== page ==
Jason Statham, Ben Foster and Donald Sutherland star in this remake of Charles Bronson’s 1972 film of the same name, “The Mechanic.” Arthur Bishop (Statham) is a ruthless and calculating hitman who finds himself being forced to assassinate Harry (Sutherland), his long term mentor and father figure. After Harry’s death, his estranged son Steve (Foster) happens upon Arthur Bishop. Steve knows that Bishop is a hitman, but doesn’t know that he is the one who killed his father. In his post-adolescent attempts to deal with his anger, Steve convinces Bishop to teach him how to be a hitman.
When I first saw the trailer for “The Mechanic” I thought it would essentially be “The Transporter” without the car gimmick, or “Crank” without the adrenaline gimmick. I was still skeptical about 20 minutes into the movie when I saw the genre standard “shady meeting on a tarmac” scene. But even in spite of that scene and a story that is derivative of so many others, namely “The Professional”, “Karate Kid” or really anything with a master/apprentice storyline, “The Mechanic” still manages to surprise…and in a good way.
While Jason Statham further proves that he has his “speak softly and carry a big stick” role down to a “T” and Ben Foster is great as the cocky and overly ambitious apprentice, they manage to keep it from being cheesy. In fact that’s what makes this film better than the average “loner-hitman” movie. “The Mechanic” is able to find the balance between not taking itself too seriously and taking itself seriously enough to keep the viewer engaged and committed to the story. Story takes first priority as any scene with action feels relevant and necessary. While it’s certainly not “Bourne” level efficient, “The Mechanic” never overplays its card. It’s consistent all the way through and sprinkles just enough humor in the mix to keep it from getting too heavy.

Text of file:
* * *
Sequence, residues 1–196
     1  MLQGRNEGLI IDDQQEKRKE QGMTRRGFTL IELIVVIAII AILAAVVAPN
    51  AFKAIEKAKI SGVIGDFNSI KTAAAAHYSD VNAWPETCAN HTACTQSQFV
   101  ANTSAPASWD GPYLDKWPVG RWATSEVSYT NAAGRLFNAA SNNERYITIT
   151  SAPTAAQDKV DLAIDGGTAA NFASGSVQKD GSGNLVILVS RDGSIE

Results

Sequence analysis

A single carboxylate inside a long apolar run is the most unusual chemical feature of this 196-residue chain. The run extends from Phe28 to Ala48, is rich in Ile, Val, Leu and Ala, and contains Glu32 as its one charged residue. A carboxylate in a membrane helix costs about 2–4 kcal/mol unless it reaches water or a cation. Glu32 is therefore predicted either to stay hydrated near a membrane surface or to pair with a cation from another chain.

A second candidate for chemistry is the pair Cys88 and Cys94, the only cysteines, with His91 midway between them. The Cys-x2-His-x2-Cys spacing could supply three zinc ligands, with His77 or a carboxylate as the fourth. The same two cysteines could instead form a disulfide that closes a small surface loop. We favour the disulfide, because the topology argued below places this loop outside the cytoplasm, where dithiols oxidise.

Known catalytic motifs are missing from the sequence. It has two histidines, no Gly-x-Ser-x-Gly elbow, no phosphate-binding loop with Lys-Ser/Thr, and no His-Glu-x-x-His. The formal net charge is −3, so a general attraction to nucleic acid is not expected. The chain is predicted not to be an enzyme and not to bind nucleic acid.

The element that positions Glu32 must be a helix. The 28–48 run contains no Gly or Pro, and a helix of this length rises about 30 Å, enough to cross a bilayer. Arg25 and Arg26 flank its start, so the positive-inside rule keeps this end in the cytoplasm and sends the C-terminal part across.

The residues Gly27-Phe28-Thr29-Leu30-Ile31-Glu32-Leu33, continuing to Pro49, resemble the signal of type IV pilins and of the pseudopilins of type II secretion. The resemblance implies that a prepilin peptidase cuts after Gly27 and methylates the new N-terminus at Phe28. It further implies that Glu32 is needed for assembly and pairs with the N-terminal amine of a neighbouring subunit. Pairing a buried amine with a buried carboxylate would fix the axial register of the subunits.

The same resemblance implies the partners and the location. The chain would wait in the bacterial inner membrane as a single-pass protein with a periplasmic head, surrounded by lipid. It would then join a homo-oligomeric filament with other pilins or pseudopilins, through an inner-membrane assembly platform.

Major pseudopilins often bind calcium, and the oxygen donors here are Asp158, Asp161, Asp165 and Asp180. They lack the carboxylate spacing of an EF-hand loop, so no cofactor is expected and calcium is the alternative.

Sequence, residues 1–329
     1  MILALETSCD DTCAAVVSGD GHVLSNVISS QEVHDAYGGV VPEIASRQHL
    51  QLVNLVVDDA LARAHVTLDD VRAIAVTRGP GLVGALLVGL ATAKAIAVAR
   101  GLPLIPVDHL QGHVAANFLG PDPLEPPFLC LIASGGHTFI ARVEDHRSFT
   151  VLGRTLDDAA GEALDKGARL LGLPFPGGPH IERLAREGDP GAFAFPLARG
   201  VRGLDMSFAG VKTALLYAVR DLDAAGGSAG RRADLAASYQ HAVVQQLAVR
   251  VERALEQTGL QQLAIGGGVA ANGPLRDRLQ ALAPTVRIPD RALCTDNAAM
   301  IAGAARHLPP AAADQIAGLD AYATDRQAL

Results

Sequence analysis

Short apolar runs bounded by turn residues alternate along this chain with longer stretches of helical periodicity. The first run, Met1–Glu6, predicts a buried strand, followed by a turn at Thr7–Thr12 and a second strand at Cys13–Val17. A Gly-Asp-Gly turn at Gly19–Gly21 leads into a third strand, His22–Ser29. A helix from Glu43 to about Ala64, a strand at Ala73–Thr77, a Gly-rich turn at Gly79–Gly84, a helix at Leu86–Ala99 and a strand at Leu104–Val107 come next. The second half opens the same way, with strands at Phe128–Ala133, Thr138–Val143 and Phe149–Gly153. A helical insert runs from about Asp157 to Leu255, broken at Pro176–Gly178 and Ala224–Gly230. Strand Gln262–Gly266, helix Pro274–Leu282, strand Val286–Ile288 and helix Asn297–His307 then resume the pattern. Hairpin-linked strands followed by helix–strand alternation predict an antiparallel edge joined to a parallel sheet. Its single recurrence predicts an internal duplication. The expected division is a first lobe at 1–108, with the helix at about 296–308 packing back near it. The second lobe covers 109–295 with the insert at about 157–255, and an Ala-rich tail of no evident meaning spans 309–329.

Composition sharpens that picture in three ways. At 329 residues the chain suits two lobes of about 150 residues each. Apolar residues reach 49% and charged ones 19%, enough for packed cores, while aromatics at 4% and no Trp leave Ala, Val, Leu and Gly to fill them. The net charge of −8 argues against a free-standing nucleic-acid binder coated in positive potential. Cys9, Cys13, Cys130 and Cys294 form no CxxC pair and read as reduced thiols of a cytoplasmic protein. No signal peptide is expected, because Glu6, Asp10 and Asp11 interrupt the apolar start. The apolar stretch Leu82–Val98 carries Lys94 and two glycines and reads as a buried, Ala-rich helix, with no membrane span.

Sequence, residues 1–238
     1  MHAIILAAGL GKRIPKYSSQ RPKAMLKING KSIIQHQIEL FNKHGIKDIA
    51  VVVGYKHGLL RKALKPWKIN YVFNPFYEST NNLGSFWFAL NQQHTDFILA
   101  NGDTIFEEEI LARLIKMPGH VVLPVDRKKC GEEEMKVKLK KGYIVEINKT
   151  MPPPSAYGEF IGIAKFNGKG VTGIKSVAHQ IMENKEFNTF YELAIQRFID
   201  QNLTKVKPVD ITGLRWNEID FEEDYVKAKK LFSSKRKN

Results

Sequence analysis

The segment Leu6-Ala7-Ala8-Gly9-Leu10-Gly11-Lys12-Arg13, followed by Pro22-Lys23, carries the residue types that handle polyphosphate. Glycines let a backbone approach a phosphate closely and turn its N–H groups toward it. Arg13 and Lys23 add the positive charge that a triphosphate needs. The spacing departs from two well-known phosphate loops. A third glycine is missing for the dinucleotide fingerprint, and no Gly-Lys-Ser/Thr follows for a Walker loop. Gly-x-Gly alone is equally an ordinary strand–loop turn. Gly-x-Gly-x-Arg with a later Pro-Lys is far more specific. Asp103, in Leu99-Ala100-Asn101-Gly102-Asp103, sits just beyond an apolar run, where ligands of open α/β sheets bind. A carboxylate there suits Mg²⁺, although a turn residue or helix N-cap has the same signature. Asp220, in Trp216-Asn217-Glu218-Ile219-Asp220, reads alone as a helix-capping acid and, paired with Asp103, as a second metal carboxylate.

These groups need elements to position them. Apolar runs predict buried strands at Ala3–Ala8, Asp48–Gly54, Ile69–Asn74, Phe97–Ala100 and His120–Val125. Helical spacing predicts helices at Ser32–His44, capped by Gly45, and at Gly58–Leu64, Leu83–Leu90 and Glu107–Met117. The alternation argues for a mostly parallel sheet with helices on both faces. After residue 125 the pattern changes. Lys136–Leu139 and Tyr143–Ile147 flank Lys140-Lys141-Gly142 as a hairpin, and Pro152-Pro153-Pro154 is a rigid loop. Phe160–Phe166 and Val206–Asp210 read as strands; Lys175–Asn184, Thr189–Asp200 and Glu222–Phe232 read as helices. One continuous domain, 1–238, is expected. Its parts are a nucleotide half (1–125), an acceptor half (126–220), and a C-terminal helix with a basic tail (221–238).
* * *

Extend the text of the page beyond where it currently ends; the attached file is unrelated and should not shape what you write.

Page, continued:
“The Mechanic” is the type of movie that probably won’t have the longevity of the films it references, but will eventually find its place among the forgotten, but worthwhile films of the post-2000 era. Jason Statham makes a good one every now and again and “The Mechanic” is definitely one of his better films.
*Worth your money*
Not worth your money
Worth somebody else’s money
What’s your favorite Jason Statham movie? (And please don’t say “In the Name of the King.”) Let us know below.